Home-Based Business Tax Deduction

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Home based businessIf you are running a home-based business, are you aware of all the deductions to which you are entitled?

The CRA has specific guidelines regarding whether or not a home-based business owner can claim specific business-use-of-home expenses. Although there are deductions that are specific to home-based businesses, not all home-based businesses are eligible for them.

WHO CAN CLAIM A HOME-BASED BUSINESS TAX DEDUCTION?

For you to be able to claim business-use-of-home expenses, your principal place of business must be your home, or you must be using your work space at home exclusively for earning business income and using it on a regular basis to meet customers or clients.

You will not be able to claim business-use-of-home expenses if you are only conducting a portion of your business at home while conducting other parts of your business elsewhere, or if you are merely conducting business at home on occasion.

HOW TO CLAIM THE HOME-BASED BUSINESS TAX DEDUCTION

If you meet the CRA requirements, you are ready to calculate your business-use-of-home expenses. These expenses will be a portion of your home expenses, given that this is where your business is taking place.

The easiest way to do this is to have a single room, or specific area designated as a home office or work area. In this case, you can divide your work space by the total of your home.

As an example, if you happen to have a home office that measures 10 x 10 feet (100 square feet) and a home that measures 1,800 square feet, you would deduct 5% of your home expenses as business-use-of-home expenses. The other 95% of your home would be considered to be for purely personal use. Now, having calculated the percentage that you can claim, you can look at your total household expenses.

You are able to include expenses that relate directly to your business, such as your telephone (not your home phone) and internet. As a homeowner, you may claim a portion of your house insurance, mortgage interest (but not the actual mortgage payments), property taxes, water & sewer, hydro, gas, alarm system, strata payments and general repairs. If you are renting, you can claim a portion of your rent.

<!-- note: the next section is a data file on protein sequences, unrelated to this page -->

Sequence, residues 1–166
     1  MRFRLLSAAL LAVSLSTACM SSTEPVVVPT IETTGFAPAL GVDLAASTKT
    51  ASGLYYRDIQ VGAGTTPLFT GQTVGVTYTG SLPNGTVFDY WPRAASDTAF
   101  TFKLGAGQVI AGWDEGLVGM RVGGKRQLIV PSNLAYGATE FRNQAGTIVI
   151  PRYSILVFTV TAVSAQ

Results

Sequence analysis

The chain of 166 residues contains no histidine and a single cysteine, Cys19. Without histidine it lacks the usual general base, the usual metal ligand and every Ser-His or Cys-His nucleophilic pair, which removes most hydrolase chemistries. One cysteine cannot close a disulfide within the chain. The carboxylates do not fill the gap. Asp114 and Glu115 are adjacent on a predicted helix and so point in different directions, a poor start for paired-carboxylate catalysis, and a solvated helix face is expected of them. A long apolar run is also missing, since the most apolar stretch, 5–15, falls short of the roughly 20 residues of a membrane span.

If, for example, your total expenses for the fiscal year are $22,000, then the 5% (as calculated above) would be equal to $1,100. This would be the total business-use-of-home deduction. Whether you are using a Chartered Professional Accountant or a tax software to prepare your taxes, you will always provide and/or enter the full amounts as the software programs will perform the actual calculation.

CALCULATION OF MIXED USE SPACE

Mixed use spaceIf you are operating your home-based business part-time, or if the space used for business activities also sees personal use, you need to adjust your expenses to reflect this.

Imagine that you run your business 5 days a week, with your home office being used for personal activities the rest of the time. You would need to calculate the number of hours that the space is used for business each day, divided by 24 hours, then multiplied by the business portion of your home expenses.

To continue with the example started above, if you use your home office for work purposes a total of 7 hours each day, five days a week, that would be 35 hours each week, out of a possible total of 168 hours. Your calculations would be as follows: 35 working hours divided by 168 hours in a week, times $1,100 (the business portion of your expenses as calculated above). You would have a total of $229.17 to deduct.

Furthermore, in order to claim a deduction, you must actually be making income. You cannot claim a deduction form non-existent income. In other words, you are not able to use the home office deduction to create a business loss. If your deduction is greater than your income, you may carry it forward to the next year.

In running your home-based business, you will want to be aware of any deductions to which you are entitled. In some cases, these deductions may not be very large, but every bit counts.

***This blog is for information only and not to be used as tax advice or planning without first seeking professional advice. Information is also subject to change without notice.